Take Five: Engaging grassroots women enhances the localization process of UNSCR 1325

Robinah Rubimbwa, is the Executive Director of Coalition for Action on 1325 (CoACT), an implementing partner of UN Women in Uganda. For over a decade, Robinah has developed training tools and manuals on localization and engaging young women in community-level peacebuilding, among others. Robinah is a member of Women Mediators across the Commonwealth (WMC), a network hosted by Conciliation Resources which connects women with a broad range of mediation knowledge and experience.

Date: Wednesday, November 4, 2020

Robinah Rubimbwa, is the Executive Director of Coalition for Action on 1325 (CoACT), an implementing partner of UN Women in Uganda

Robinah Rubimbwa, facilitating the CSO consultation on WPS and Peace Building architecture review with local and national peace builders in Uganda in March 2020. Photo credit: UN Women / Aidah Nanyonjo.

A look back at 20 years of UNSCR 1325! What does this mean for you as a champion of UNSCR 1325 in Uganda?

My journey with WPS dates back to 1998-2001 when I served as a Rapporteur for Isis-Women’s International Cross-Cultural Exchange for their Peace Institutes that brought together women peacebuilders from conflict-affected countries across Africa and Asia. During this time, we visited women living in IDP camps in Northern Uganda and that was a turning point for me. The women needed food and health care for their children above everything else. Motherhood could not be postponed till the war was over. Having lived in exile for 7 years, I related with their experiences and decided I wanted to be involved in the kind of work that supported women.

In 2009, as the Executive Director of Centre for Women in Governance, I produced a radio play to increase public awareness on R1325. Uganda had ended the war with the Lord’s Resistance Army (LRA) and it looked like a good idea to focus the radio play on communities that had been directly affected by the conflict in Northern Uganda and in Central region specifically Luwero. With support from four grassroots women peacebuilders in Uganda, we developed a radio drama series of 12 episodes, which was produced in English and translated into 3 local languages. We established five women’s listenership clubs in each district, provided each club with a radio set and batteries to enable women to come together, listen to each drama episode, discuss it and then call into the talk show with observations or questions.  The drama focused on the peace women wanted and needed to return to their homes. The series became so popular that while they were to run over a 3-month period, most radio stations broadcast the series for up to three years.

Why is the Women Peace and Security agenda important in Uganda and what will it take to realize women’s full participation?

Ugandan societies are highly patriarchal, leaving little room for women’s voice. Social norms and cultural practices that tolerate violence against women and discrimination based on gender, make women powerless.  Though the 1995 Ugandan Constitution is gender-sensitive, we need R1325 to actualise its intentions and increase women’s voice and power. Realizing women’s full participation requires political will, sustained funding for all State and non-State actors involved in the implementation of WPS, and a critical mass of women who will say enough is enough and demand accountability.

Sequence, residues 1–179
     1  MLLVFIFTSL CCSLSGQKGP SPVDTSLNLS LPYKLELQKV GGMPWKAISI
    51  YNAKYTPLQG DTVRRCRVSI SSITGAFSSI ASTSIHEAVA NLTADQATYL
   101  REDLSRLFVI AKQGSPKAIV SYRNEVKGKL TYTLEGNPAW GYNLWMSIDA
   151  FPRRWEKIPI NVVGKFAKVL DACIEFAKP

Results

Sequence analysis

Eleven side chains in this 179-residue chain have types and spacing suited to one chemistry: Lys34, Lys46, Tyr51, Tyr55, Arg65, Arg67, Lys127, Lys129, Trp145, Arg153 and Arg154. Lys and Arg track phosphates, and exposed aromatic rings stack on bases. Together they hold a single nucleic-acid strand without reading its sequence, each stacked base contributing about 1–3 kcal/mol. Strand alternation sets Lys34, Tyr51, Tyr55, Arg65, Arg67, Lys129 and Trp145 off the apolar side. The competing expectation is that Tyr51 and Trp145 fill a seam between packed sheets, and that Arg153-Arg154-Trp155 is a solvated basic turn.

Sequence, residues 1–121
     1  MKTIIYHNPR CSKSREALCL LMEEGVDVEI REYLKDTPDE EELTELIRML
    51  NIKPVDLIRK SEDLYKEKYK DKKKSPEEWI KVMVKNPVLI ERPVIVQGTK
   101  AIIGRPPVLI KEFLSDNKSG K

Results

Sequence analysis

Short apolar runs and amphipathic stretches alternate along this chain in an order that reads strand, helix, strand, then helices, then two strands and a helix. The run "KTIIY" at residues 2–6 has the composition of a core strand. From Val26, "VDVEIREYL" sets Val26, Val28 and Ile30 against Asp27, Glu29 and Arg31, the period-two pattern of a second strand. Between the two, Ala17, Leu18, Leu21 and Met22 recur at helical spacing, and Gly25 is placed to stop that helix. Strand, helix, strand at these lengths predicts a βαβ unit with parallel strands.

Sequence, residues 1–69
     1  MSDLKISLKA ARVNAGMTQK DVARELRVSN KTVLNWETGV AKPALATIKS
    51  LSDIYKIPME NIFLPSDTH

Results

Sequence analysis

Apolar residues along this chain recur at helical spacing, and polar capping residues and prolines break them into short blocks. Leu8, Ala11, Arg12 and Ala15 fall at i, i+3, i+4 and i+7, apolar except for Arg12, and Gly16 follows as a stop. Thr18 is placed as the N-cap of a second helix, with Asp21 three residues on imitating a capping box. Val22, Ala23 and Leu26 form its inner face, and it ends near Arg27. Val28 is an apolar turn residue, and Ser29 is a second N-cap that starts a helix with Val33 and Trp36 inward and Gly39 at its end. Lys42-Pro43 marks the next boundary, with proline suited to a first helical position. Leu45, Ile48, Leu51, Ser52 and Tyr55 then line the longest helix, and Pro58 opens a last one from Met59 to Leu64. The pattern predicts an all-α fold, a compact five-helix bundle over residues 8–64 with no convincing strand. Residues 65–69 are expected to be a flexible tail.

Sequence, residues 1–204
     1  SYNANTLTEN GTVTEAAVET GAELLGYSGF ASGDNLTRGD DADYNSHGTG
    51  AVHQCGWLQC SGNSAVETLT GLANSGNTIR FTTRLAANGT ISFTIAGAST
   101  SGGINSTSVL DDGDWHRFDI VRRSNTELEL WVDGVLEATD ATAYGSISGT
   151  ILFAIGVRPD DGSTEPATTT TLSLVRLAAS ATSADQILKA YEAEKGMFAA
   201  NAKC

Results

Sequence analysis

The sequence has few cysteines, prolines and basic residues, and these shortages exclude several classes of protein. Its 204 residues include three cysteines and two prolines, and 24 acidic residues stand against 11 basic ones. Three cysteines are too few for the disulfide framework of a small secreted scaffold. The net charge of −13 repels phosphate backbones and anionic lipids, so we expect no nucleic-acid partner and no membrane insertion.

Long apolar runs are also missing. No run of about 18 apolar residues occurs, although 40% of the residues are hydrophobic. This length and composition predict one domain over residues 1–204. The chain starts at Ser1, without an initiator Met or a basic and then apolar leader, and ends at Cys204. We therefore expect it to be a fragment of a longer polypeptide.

What has been the key achievement in the implementation of UNSCR 1325 over the last 20 years in Uganda?

Women have been central in advocating for peace and played a critical role in influencing the signing of the peace agreement between the Lord’s Resistance Army (LRA) rebels and the Government of Uganda in 2006 bringing to an end the over 2-decade war that ravaged Northern Uganda. When the first Peace Recovery and Development Plan (PRDP) was passed in 2007, women CSOs mobilised to ensure its implementation was gender-sensitive and the results have informed policy decisions at national and district levels since 2009. There is now increased awareness of WPS in key Ministries, Departments & Agencies, as well as Local Governments. A total of 9 District Local Governments have customised the NAP and developed Local Action Plans that address WPS issues at the community level. Uganda also has a national coordinating mechanism for WPS at technical and policy levels.

What difference has the NAPs and the localisation strategy made in the implementation of WPS agenda in Uganda?

In 2013, 2014 and 2016, Uganda was cited in the UN Secretary General’s report to the Security Council as a best practice notably with the localization of the NAP. The localization strategy has made local government leaders cognizant of issues that undermine the peace and human security of women and girls as well as issues that hinder their participation. This has enabled them to design and implement strategies that promote gender equality and women empowerment. Districts that implement localization, have put in place measures to eliminate the drivers of GBV and promote girls’ education, have developed ordinances that protect the property rights of women and put in place peace committees from the district to local levels to address conflicts. 

What needs to be done to leverage the participation of women in peace processes?

Leveraging women participation in peace processes calls for good political will in implementation of the NAP on R1325; integrating peace education in the education curriculum; consistent and sustained funding for women CSOs involved in peacebuilding work; transforming the militaristic and  patriarchal culture in security sector institutions to a more gender sensitive sector that respects human rights and the contribution of women in decision making; and protecting women peacebuilders from needless attacks and suspicion to allow them space to do their work.